Many states require certain businesses to obtain business licenses to legally operate in the state. This licensing requirement may be in addition to any other tax and regulatory requirements. In Virginia, almost all businesses must apply for business licenses. Accordingly, limited liability companies, or LLCs, usually must obtain a business license not because they are LLCs but because virtually every business in Virginia must obtain some type of license to legally operate in the Commonwealth.
An LLC is a business entity that combines characteristics of sole proprietorships, partnerships and corporations. LLCs can get taxed like partnerships or sole proprietorships, but provide limited liability protections analogous to what corporations have. In addition, LLCs enjoy management flexibility and do not have the same onerous requirements that corporations have. To form an LLC in Virginia, the business organizers must file articles of organization with the State Corporation Commission.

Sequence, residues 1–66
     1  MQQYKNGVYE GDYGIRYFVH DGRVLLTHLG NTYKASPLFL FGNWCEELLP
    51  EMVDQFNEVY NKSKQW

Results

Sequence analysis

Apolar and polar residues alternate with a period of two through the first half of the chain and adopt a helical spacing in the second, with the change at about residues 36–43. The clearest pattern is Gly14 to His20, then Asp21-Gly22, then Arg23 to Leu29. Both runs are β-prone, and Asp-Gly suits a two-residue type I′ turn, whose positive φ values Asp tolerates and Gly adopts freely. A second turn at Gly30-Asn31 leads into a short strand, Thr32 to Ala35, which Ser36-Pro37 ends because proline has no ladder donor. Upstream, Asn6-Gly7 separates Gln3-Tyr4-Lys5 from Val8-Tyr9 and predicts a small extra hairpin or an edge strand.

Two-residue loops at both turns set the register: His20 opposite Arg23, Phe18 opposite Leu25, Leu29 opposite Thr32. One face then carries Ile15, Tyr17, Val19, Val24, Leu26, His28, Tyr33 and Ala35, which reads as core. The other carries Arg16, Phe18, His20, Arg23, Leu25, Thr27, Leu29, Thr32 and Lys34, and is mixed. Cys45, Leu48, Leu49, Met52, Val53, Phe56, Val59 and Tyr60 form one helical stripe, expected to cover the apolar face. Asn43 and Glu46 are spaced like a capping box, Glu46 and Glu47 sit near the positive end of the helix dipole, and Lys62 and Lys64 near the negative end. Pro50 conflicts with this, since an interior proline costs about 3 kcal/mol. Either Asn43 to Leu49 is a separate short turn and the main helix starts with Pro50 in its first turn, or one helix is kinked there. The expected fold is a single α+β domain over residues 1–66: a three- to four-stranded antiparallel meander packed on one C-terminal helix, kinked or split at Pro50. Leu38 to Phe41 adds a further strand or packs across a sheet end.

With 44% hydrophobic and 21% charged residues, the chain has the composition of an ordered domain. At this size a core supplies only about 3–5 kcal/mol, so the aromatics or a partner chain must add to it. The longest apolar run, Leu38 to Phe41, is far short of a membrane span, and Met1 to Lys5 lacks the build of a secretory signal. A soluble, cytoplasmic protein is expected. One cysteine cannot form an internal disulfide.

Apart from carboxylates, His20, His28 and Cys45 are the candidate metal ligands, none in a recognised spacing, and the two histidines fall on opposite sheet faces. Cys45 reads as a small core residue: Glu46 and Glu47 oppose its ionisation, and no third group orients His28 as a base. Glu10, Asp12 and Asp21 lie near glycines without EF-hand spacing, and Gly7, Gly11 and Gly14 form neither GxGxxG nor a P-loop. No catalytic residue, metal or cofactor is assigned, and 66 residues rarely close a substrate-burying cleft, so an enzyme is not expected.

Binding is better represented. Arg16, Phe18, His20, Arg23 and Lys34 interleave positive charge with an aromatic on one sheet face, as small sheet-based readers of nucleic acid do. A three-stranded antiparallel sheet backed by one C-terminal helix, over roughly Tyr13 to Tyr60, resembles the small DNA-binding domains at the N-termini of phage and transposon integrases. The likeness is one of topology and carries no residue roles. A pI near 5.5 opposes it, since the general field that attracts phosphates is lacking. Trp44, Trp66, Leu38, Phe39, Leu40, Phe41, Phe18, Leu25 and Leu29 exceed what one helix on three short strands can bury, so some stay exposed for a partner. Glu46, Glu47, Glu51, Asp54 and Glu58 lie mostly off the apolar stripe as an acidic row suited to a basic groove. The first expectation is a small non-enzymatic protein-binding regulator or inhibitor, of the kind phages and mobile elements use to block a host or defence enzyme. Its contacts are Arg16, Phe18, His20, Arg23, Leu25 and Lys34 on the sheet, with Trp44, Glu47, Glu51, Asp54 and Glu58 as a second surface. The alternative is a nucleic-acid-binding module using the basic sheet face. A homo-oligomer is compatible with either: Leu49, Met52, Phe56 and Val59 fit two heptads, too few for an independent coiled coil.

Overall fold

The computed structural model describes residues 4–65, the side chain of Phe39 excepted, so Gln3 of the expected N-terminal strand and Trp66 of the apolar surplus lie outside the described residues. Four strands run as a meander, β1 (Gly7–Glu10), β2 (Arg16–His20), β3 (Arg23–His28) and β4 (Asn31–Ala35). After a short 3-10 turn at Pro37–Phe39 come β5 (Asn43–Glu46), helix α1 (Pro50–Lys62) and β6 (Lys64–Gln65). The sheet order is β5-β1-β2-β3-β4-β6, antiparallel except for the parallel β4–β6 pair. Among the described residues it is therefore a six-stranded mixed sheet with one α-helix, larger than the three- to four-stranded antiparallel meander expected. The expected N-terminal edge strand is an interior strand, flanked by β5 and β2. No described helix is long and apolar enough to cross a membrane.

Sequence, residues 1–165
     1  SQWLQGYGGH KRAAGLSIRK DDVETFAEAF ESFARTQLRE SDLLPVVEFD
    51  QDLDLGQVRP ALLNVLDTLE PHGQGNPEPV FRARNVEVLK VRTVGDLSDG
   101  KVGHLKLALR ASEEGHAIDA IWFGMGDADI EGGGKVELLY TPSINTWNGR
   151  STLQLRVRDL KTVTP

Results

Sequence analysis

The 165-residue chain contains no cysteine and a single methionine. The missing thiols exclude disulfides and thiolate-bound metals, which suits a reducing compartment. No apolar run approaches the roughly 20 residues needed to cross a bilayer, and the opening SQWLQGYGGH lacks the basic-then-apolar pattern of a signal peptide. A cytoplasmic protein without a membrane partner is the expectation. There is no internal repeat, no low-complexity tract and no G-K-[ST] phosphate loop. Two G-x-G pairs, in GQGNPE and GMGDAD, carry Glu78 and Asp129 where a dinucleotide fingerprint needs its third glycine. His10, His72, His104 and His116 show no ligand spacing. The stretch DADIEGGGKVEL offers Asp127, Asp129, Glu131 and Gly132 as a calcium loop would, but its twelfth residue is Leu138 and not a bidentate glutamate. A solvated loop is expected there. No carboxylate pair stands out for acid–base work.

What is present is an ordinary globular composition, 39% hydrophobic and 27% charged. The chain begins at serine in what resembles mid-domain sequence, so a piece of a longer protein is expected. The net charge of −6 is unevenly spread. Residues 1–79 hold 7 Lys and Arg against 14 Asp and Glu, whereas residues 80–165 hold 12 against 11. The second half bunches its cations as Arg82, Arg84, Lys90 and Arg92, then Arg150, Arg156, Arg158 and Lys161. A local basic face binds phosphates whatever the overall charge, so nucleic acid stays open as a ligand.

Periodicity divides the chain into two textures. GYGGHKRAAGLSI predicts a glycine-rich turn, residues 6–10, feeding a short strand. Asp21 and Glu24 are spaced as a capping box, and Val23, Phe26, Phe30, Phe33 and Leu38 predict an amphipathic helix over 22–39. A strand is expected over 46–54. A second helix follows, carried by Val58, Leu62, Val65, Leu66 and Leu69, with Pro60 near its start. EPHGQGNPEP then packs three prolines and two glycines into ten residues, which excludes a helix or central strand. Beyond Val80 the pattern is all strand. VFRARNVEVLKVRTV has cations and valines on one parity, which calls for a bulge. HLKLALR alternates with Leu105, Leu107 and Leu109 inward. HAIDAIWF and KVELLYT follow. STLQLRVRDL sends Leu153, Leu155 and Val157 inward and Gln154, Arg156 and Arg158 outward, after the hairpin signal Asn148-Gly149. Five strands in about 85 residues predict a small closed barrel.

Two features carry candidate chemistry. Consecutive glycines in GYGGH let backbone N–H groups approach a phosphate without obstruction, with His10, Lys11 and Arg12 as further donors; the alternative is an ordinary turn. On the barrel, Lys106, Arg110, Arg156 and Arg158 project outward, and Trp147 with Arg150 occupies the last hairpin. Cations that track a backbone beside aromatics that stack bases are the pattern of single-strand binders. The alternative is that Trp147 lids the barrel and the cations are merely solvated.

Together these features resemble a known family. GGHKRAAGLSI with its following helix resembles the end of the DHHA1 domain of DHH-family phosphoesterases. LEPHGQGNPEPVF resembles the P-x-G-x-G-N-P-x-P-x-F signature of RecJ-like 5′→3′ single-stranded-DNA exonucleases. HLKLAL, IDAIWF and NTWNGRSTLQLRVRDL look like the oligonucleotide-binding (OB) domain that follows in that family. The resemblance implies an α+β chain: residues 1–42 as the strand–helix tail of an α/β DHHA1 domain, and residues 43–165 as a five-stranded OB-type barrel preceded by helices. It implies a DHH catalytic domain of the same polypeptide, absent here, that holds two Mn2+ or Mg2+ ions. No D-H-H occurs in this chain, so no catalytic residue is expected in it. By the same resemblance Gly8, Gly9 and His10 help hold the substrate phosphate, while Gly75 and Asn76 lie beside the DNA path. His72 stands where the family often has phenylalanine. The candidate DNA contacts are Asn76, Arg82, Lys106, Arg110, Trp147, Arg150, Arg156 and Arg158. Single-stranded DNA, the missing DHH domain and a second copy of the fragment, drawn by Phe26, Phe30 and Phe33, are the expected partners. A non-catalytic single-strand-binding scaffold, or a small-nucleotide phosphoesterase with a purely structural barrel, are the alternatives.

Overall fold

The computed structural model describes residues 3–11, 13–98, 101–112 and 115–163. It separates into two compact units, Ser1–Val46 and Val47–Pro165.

Virginia imposes a state sales tax on the sale of all tangible personal property, with some exemptions. Counties and cities in the Commonwealth also impose local sales taxes. To pay these sales taxes, businesses must register with the Commonwealth to obtain authorization to sell goods and collect these taxes on behalf of the government. Different types of businesses have different requirements and regulations that must be followed.
In addition, Virginia LLCs must also obtain a business license from the county or city in which they intend to operate. For example, the city of Alexandria requires LLCs to fill out a Business License Application annually and pay all relevant taxes to obtain and maintain a business license in that city. The city imposes strict penalties for noncompliance with these rules.
Some types of professions are exempt from sales tax and business licensing requirements. For example, King William County exempts public service corporations and sellers of farm products as well as nursery products that are homegrown. In addition, newspaper, magazine and newsletter publishers, as well as wholesale manufacturers, are exempt from the requirements.
An attorney and founder of ScrofanoLaw, a general practice law firm in Washington, D.C., Joseph Scrofano has been writing on legal issues since 2008. He holds a Juris Doctor from the Washington College of Law, a Bachelor of Arts with special honors from the University of Texas and a master's degree in international affairs from American University's School of International Service.